Love and the Confusion of Persistence by Atala
I recall a conversation I had with someone I know about how she met her husband. According to her, she was rather dismissive of him, and it didn't look like she would give him a second chance. But fortunately for him, he persisted - and she ended up seeing something in him which she obviously didn't see the first time. Whatever she saw, she must really have liked, because they're now married.
The conversation did make me wonder about the virtues of persistence. Should a man should be persistent or not in chasing a woman? It's fair to say that "faint heart never won fair lady", as the saying goes, and as the experience I relate above indicates?
However, persistence can shade into harassment if the woman has made it clear in no uncertain terms that she is not interested in the man. So the rules seem to be simple - chase, but if she says no, back off. Right?
Erm. not quite. Sometimes, a woman is still making her mind up, and it means that she won't give an unequivocal "yes" because she is still wanting to get to know more about the man. So instead, she'll encourage him with an "I'm interested - keep talking" response.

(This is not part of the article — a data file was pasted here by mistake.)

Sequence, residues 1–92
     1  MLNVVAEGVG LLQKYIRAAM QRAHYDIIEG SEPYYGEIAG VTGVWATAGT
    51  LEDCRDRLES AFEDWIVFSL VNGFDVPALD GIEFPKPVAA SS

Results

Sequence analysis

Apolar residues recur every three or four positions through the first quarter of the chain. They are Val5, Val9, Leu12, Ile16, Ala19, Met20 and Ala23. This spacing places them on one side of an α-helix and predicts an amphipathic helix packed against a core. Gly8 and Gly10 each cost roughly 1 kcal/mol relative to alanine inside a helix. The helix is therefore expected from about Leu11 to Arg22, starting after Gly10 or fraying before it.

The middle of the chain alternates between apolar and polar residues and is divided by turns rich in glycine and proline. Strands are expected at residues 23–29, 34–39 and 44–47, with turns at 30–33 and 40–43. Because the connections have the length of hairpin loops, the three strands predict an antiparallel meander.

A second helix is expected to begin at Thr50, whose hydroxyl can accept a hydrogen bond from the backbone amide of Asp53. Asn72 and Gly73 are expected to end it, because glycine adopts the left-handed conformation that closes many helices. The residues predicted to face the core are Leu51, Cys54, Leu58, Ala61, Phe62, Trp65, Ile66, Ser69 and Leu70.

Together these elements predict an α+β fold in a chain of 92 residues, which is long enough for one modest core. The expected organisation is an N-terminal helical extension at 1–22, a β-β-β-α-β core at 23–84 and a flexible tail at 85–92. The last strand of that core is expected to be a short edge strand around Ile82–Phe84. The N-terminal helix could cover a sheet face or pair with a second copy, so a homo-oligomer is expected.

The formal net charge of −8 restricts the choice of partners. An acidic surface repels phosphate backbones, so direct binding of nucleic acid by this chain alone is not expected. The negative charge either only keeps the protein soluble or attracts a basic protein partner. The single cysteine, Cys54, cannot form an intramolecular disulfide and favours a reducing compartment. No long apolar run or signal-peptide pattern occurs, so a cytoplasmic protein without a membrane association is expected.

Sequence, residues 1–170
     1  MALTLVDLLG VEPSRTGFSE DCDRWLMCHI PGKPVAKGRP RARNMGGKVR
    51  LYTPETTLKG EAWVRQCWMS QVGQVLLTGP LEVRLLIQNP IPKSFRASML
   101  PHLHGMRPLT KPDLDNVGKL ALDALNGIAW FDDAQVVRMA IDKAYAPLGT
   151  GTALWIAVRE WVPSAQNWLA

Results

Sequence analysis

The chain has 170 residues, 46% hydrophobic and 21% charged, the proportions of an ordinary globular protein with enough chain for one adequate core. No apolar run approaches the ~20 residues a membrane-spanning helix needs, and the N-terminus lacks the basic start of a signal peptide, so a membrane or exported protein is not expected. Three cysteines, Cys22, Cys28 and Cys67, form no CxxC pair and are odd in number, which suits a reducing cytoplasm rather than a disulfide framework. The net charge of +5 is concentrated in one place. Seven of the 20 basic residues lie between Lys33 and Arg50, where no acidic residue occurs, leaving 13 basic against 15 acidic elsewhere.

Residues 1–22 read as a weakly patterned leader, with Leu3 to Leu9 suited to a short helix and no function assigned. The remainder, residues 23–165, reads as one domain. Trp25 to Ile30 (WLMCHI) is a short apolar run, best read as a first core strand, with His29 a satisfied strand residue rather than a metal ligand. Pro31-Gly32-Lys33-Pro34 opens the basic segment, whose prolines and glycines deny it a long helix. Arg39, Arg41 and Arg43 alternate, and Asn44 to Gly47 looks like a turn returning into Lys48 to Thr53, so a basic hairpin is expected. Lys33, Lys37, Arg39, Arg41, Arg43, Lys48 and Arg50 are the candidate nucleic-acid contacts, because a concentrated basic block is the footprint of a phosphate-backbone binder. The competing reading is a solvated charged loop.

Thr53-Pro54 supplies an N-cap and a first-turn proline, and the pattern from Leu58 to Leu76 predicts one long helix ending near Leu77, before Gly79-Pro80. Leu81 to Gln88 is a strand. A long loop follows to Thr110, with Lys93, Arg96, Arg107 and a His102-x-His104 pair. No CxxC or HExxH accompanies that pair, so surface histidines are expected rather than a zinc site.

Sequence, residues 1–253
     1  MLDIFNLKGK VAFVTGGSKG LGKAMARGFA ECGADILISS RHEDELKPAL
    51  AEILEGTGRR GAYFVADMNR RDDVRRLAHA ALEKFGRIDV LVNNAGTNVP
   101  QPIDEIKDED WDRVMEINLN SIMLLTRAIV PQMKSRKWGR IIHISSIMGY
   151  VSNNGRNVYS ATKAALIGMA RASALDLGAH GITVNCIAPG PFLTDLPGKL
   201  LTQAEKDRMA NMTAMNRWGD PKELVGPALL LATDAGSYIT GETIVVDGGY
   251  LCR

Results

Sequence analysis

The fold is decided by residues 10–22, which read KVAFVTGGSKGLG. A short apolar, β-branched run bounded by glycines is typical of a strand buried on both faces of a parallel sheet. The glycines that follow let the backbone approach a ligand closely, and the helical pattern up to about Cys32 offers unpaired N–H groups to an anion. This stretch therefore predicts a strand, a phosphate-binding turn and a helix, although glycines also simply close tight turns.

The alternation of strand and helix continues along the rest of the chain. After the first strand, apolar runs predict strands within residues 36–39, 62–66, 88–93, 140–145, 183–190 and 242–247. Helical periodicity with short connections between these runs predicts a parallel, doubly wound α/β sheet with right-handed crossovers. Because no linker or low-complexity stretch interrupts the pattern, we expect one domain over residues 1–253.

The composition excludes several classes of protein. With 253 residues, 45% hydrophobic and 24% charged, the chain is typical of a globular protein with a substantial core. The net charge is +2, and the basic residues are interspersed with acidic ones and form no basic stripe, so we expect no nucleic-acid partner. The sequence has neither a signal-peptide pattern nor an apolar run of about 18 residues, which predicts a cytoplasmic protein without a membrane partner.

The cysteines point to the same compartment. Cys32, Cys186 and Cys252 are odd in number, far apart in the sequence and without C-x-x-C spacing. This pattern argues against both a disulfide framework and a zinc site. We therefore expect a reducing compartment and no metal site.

The trouble is that sometimes, a woman may also give that response if she is not really be interested in the man, but she likes the attention that she is getting as he chases her. So the poor gets strung along until he realises that he's wasting his time, and thus, persistence is a bad thing here.
And that "no means no" rule? Again, not quite so simple. It's possible that when the guy first approaches the girl and she slams him with a big fat "no", maybe she's not in the mood to date. Maybe he didn't come with his A-game. Maybe her "no" really doesn't mean "no", and she wants to see how persistent he is. Whatever - he ends up with the "no".
The point is that if he figures out what exactly the problem is and re-presents the new improved version of himself in the right place at the right time, that "no" can be turned into a "yes". So persistence is a good thing here.
To help, I can only recommend the concept of the "stop loss". This is where the guy decides exactly how much chasing works for him - two days, two weeks, whatever - and if he does not get a specific response in that time, it's the end.
Simple, right? And elegant. But utterly impractical, if at the end of the period, his head is telling him to leave her, and his heart is tugging him back to her to continue waiting. Maybe men should wait instead for mind-reading technology to be developed to put an end to all this persistent confusion. Or maybe women can simply be more direct with men and quit playing games?